Nkosi Nkululeko


You would’ve had to have been there to see the moon,
bloody as a hemorrhage, beneath the sky, stars scattered
like chippings of bones. So odious it had to be elegant,
hung in the dark’s net, me below the celestial bulb.

When I say we won’t live to be here for the next death
the sky will hold like a mother cradling a stillborn,
I want you to reassure me that there’s still joy in the horrific.

Do you see the moon, seeming to be like a heart
but relinquishing its right to be a heart?

That is how I wish to die: seamless & willing.

Somewhere, I know a body is below the moon, black smoke rising
from chilled skin, with a jar of ash made out of its wrecked interior.


Culture of Dominion

& it’s a wild thing when you first discover porn
at an age where you’ve finally come to accept

that girls do not have cooties & what a way
to disprove this except with the recording of two people,

close enough to be indistinguishable
from the other; “pleasure,” in such a new format

that you become frightened of it, the way a face looks
in the eye of a camera: undressed & unapologetic,

their genitalia knitted & glazed as if dipped in oil,
seeming to be so edible that you have to try it:

the dish of salt-sleeked skin, a woman’s oval
valley flushed & fluid with gelatinous light,

a man holding the base of the woman’s bottom
against the wall, ascended in the air with her legs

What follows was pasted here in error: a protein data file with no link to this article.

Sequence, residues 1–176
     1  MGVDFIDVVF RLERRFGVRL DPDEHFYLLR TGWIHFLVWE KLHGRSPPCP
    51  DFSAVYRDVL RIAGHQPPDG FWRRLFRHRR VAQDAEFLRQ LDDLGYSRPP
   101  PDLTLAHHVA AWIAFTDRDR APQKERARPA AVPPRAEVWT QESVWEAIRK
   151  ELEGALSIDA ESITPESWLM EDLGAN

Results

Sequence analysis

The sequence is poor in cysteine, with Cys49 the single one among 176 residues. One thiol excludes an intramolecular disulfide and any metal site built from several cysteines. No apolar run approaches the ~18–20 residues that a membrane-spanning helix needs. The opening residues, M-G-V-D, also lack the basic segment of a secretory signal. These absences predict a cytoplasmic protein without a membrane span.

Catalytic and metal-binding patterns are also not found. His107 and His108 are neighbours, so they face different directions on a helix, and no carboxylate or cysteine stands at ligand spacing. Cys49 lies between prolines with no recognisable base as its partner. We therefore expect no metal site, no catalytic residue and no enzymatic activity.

corralling his hip like a belt & I often think that
this is how I wish to be held in the stark night

but thank god the human invented secrecy,
for I couldn’t tell my mom the things I’ve learned,

how the areola often desires a tongue to blanket it,
how desire has become the word that governs me,

sex thickening my imagination, wanting sex to be
done beneath the light-loosed coverings of the sun,

beneath the shade of a forest, in a room dark
enough to not see what you touch, knowing

only that you are & there is such risk, to know
your eyes do not tell you much of anything

but when looking at a video of a man smoking
while a woman’s mouth becomes the sheath

to the cock as his hand holds the neck down,
I’ve then become the witness of a culture of dominion,

with a series of no’s slipping into the sky as prayer
& I only speak of this knowing I’ve also been taken

in the brooding dark, my own body abandoning itself
when facing a mirror because of what has stained me,

the imprint of a hand that I can still recall on my shoulder,
the disturbed flesh in a slight quiver, the bones ringing

like wind chimes, loose & unresisting to what slips
through it; a feeling of the body being shear,

common ground for the damaged, being as weightless
as a phallus without blood, as the curtain of a labia;

the parts most ashamed but look there- the video
shows us a woman smiling, the grin of a man,

both in union, even their shadows making love
in independence, so of course there’s a lucid form

of joy here but when the camera sleeps, when the outside’s
eyes cannot see how pleasure defines us, I depart my room,

exhausted from a lonely fantasy, wondering how
will the world fall inside the open parts of me,
with all its terror, loud enough to almost be a moan.


Nkosi NkululekoNkosi Nkululeko, the 2016 NYC Youth Poet Laureate, is a Callaloo Fellow and The Watering Hole Fellow. He has been nominated for the American Voices Award, Independent Best American Poetry and Pushcart Prize. Nkosi was part of the 2014 Urban Word Slam Team and the 2015 Urbana-NYC Slam Team. His work is currently published in No Token, Rose Red Review, Hobart, decomP, and elsewhere. He lives in Harlem, New York.


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